A small-town Ontario consultant who spent 18 months in a sweltering Mexican jail is countersuing SNC-Lavalin Inc. for $15 million, claiming she never engaged in a plot to smuggle members of Moammar Gadhafi's family from Libya as the country erupted in civil war and deposed him in 2011.
Cyndy Vanier says SNC, the Montreal-based engineering and construction conglomerate, "has a good movie script" in its suit against her and two former company executives who were in charge of billions of dollars in projects in Libya.
But she's gone on the counter-attack in new pleadings filed in the court case. She says that she's being drawn into the morass of corruption allegations around SNC-Lavalin and that her legitimate work for the company led to her arrest and 18-month detention in Mexico "in one of the worst prisons on the planet," leaving her reputation in tatters.
'Plan... to get him to Canada'
SNC launched a $2-million lawsuit in mid-2013 against Vanier and former SNC construction executives Riadh Ben Aïssa and Stéphane Roy. The engineering giant alleges the trio defrauded the company in hiring Vanier in what it claims was a clandestine plot to smuggle Gadhafi family members to Mexico — counter to a United Nations travel ban.
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SNC-Lavalin cited various emails, including what it claims were discussions and exchanges of photos of Moammar Gadhafi's son Saadi Gadhafi to create fake travel documents.
"The plan in the beginning, before your involvement, was to try to get him to Canada (prior to the sanctions against his travel)," states an email SNC alleges Vanier wrote to Roy. "As you know, shortly after this time period, things deteriorated very quickly and we lost the window to bring him to Canada."
SNC alleges the smuggling conspiracy was done under the auspices of two fake contracts with Vanier Consulting that purported to be for advice on handling employees in war-torn Libya.
"Also to cover my butt, can you send me the signature page of the mediation agreement," states another missive cited by SNC as evidence against Vanier. "I don't have to show it. But in the event we have to backtrack on this, paper trail supports intent. And the confidentiality is protected for all concerned."
Vanier, in her defence and counterclaim filed in a Montreal court last month, insists she had a legal contract with SNC when she was hired to travel to Libya in July 2011 for a "fact-finding mission," and says she was given a second contract to help the company prepare for once Libya's civil war settled down.
She suggests the emails cited in SNC's suit are themselves fake, and has long professed that SNC won't be able to prove their authenticity.
"If those emails existed, they would've been on the SNC server, they'd be on my server. They don't exist," she told the fifth estate in 2013 in one of three interviews she's given CBC. "What we have learned from this situation in Mexico, fabricating emails and communication trails through email is a very easy thing... to do.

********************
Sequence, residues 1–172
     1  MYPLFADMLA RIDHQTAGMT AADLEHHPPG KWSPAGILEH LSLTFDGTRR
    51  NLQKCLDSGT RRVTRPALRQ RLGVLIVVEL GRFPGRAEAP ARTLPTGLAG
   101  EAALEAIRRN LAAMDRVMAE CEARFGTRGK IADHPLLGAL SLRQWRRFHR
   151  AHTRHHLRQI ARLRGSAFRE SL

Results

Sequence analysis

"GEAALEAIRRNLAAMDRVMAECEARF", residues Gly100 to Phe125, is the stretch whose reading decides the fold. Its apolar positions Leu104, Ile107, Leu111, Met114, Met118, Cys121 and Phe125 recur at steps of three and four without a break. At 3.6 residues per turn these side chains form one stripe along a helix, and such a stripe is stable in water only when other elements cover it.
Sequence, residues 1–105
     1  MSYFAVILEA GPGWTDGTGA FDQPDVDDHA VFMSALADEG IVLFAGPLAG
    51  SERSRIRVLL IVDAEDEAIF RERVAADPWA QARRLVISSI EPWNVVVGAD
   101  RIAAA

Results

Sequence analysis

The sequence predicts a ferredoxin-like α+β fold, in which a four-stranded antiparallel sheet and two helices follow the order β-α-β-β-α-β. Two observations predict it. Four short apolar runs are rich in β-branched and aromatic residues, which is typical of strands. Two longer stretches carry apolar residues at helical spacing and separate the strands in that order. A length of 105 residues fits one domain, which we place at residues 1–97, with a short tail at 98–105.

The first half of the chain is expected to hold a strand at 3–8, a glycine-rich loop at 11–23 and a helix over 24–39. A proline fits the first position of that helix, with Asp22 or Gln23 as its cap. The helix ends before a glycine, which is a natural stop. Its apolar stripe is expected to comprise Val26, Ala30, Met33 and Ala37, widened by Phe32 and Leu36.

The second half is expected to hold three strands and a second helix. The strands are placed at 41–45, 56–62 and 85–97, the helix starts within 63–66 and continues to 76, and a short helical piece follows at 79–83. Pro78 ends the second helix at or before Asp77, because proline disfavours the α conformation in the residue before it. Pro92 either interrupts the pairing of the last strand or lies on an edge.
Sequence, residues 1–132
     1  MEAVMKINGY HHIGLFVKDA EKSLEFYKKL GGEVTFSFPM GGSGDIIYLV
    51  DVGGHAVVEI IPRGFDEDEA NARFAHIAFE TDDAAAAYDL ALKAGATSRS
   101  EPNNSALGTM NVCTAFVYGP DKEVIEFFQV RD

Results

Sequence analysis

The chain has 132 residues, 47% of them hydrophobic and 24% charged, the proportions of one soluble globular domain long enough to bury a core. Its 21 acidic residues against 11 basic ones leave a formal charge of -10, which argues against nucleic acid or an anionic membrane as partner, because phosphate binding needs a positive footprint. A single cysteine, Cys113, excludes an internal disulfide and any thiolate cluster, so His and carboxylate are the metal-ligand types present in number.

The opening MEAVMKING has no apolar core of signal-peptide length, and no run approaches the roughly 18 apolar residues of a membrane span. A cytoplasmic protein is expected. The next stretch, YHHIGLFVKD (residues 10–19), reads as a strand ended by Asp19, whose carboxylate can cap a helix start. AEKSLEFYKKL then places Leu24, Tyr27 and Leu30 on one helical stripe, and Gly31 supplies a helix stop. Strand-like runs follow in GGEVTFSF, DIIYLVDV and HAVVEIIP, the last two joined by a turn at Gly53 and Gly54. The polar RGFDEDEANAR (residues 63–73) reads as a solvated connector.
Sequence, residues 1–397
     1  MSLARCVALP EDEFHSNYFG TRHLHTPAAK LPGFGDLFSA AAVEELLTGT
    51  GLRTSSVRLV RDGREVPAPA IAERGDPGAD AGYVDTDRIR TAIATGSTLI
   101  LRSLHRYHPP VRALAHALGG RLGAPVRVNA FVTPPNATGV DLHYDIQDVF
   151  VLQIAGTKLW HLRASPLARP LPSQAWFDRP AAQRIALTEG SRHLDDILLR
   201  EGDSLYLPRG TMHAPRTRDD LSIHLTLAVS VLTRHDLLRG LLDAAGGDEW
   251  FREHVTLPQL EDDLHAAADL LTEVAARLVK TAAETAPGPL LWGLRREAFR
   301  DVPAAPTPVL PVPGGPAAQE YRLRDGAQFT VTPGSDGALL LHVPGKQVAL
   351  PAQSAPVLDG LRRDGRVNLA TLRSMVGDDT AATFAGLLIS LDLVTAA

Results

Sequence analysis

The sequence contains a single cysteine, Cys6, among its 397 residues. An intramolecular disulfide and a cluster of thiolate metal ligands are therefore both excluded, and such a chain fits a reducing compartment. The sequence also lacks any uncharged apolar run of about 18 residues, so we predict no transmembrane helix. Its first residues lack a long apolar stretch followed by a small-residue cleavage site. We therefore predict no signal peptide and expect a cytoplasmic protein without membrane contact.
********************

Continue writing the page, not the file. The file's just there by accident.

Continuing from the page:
"So, with 100 per cent certainty, they are not emails that exist on my server or that exist on the SNC server and were never part of anything that I was involved with."
'Incarceration hell' in Mexico
Vanier's arrest came in November 2011. She was in Mexico City with a group of colleagues preparing to meet with Roy, SNC-Lavalin's vice-president of finance, when she was detained. Roy was apprehended the next day in a vehicle with Vanier's colleagues, who were also arrested. He was released and quickly returned to Canada.
Mexican authorities held Vanier for 18 months, alleging she masterminded a plot to smuggle Saadi Gadhafi and his family into Mexico.
In two separate CBC News interviews from inside prison, Vanier pleaded her innocence, described being abused by police and talked of falling ill inside the tropical open-air facility. She also vowed to sue SNC once she was released, alleging she'd been swept up in the corporation's corruption scandal involving projects in Libya.
In her new pleading, Vanier also alleges she was "attacked and injured by the other inmates, placed in a coffin and waterboarded and pierced by needles by Mexican police, punched and tortured causing a heart attack and which lead to a surgical intervention to repair internal injuries."
This is the first time she has publicly claimed she was "placed in a coffin and waterboarded," following the multiple interviews, and many other communications, with CBC.
She was released in the spring of 2013 and returned to Canada.
In its suit against her, Roy and Ben Aïssa, SNC claims Vanier's involvement with the company was kept secret and was a fraud.
"That Ben Aïssa and Roy had kept secret all the ties they had with Vanier Consulting shows it was outside their respective roles within the company," SNC's lawsuit claims.
SNC alleges Roy never told anyone he'd been detained in Mexico in November 2011 alongside Vanier's co-accused until journalists began asking SNC-Lavalin questions.
Roy's lawyer could not be reached for comment.
Ben Aïssa, who also filed pleadings Aug. 31, insisted Vanier was hired for legitimate fact-finding and consulting on employee matters stemming from the 2011 Libya conflict.
He denies her hiring was a secret and states that several others at SNC signed off and executed the wire transfers to Vanier Consulting. He denies any involvement in the alleged Gadhafi smuggling plot and argues he had no part in any emails exchanged.